COLUMBUS, Ga. (WRBL)— Today, May 30, 2022, the nation is reminded of the sacrifice our soldiers have made to protect our freedom.

The National Infantry Museum held a Memorial Day Tribute and Paver Dedication Ceremony this Memorial Day, to pay homage to the soldiers that have gone before us.

National Infantry Museum Foundation’s Vice President of Operations, retired Command Sgt. Maj. Martin Celestine explains in more detail the importance of the Memorial Day Tribute.

It gives family members a chance to reflect, give them a chance to pay homage to honor those that have gone before us, some who have made the ultimate sacrifice or, not to be confused with Veterans Day, but it really gives us a time to thank those that paved the way, that help us keep our lineage and our history intact,” Celestine says.

170 pavers, two benches in the Global War on Terrorism, and two memorial Walk of Honor trees were all dedicated.

“The Paver Dedication, the Monument and Department section here, we have dedicated over 9,000 pavers to different soldiers past, present, and future. And we’ve also dedicated a few trees and benches in their memories located on our memorial walk directly to your rear. So it’s really about highlighting and preserving someone’s lineage and history, it’s really a place to remember,” Celestine adds.

About 200 people attended, including Fort Benning’s Commander, Maj. Gen. Patrick Donahoe, other service men and women, and the families and friends of soldiers who have served or are currently serving. One mother of a fallen veteran was also in attendance, she shared her gratitude of today’s events.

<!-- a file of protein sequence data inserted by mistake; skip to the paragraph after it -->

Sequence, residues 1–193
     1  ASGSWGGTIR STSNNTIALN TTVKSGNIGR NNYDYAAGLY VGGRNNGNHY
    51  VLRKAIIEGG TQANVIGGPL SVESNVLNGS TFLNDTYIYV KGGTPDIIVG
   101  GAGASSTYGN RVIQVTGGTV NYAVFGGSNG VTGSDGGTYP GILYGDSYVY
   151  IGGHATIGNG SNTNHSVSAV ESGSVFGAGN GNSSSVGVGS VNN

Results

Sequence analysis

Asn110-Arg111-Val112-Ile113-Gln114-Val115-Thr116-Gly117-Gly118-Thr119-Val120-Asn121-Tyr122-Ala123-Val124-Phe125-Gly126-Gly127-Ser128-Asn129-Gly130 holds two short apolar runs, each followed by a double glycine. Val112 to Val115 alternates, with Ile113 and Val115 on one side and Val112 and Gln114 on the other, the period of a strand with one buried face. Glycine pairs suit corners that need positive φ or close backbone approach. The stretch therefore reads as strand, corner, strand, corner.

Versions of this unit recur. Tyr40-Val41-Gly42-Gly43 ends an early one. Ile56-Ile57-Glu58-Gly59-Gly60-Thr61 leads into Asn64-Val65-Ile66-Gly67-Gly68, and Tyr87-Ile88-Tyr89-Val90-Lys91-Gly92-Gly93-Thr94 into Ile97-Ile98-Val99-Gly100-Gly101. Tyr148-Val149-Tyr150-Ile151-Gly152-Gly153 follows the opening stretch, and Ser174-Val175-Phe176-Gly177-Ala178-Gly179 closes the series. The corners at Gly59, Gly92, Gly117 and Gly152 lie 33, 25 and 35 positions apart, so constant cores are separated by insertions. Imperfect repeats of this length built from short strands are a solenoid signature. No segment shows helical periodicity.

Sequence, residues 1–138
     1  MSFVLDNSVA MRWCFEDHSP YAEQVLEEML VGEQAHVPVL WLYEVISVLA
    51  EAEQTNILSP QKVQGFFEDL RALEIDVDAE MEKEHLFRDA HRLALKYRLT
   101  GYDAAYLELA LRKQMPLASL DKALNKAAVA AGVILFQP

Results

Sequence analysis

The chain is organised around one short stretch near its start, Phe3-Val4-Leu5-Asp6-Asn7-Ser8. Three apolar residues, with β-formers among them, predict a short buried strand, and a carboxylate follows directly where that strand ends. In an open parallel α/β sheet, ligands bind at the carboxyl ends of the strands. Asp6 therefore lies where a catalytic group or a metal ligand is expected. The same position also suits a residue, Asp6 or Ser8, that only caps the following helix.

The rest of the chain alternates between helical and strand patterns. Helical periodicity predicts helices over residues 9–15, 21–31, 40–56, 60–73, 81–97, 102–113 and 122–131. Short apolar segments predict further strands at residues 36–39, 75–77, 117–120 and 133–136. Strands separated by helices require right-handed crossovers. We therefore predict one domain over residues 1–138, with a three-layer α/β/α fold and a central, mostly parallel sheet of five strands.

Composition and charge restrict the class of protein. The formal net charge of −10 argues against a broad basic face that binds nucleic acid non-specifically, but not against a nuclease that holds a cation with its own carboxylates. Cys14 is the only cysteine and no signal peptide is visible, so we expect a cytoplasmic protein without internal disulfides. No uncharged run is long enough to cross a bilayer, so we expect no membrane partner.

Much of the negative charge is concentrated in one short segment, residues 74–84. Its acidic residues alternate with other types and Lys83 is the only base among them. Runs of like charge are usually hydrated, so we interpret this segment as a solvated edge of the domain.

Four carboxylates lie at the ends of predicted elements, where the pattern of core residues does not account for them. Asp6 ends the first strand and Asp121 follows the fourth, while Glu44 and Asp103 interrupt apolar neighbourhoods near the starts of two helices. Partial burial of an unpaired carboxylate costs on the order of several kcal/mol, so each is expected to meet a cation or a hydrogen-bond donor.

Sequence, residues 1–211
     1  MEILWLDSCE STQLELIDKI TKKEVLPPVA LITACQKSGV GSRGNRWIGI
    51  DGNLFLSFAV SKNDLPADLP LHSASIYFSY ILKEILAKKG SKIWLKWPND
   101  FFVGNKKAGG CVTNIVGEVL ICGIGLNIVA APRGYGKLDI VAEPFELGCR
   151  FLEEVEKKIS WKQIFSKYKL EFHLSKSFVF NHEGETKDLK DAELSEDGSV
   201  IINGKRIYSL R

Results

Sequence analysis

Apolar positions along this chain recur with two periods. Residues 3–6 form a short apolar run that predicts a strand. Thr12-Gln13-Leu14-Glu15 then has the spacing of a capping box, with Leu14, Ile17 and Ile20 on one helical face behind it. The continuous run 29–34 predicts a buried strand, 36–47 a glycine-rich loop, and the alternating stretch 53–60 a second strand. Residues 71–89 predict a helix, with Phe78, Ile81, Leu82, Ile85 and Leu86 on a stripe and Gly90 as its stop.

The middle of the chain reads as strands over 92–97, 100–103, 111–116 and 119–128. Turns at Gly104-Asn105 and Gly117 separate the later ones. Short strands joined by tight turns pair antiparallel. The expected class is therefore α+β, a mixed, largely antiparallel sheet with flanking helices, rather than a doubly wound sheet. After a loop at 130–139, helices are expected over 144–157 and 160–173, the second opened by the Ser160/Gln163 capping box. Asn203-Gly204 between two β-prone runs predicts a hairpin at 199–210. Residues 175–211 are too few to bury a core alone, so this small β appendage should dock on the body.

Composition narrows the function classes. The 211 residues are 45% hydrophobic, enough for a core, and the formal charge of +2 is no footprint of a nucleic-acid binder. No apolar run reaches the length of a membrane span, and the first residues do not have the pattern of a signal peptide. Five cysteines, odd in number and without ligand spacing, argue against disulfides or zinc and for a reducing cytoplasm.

“I was able to pay tribute to the fallen, my son’s unit. He fought in Afghanistan with five guys who were on your wall here. And I was able to see their names, and I was able to thank God for them. And on behalf of my son who couldn’t be here today, So to the museum, I say thank you and keep doing what you are doing. It is incredibly meaningful for people like us. So thank you,” Christian Taylor says.

Taylor was joined by Dany Patrix Boucherie, and her daughter Flo Boucherie. Patrix is a D-Day survivor.

“She survived. So, she remembers D-Day. She remembers the GI’s from the Fourth Infantry Division coming off the beaches of Normandy. Her mother and father helped the GIs, her father fixed a flat tire, he was paid by an American flag. Her mother helped the soldiers who were wounded, and they showed them where the Germans were in the bell tower of Sainte-Marie-du-Mont,” Taylor says.

Patrix was just five years old when American troops stormed the beaches of Normandy. Speaking through her translator and daughter Flo Boucherie, Patrix says it is a day that she will remember forever.

“In Normandy, we never forget all the GI’s who came in 1944 to liberate the people in Normandy… that’s forever,” Patrix says. “Thank you all veterans for many, many things.”

The Boucherie family says June 6th is an important day for people in Normandy to celebrate the American units who liberated them, including the 101st and the 82nd Airborne and the 90th Infantry Division. Boucherie says she hopes younger generations will remember these memories, and celebrate those who made their freedom possible as well.

“We hope that the memory will go on with the young generation, that’s very important and I would hope the same here in United States. That’s very important to never forget.”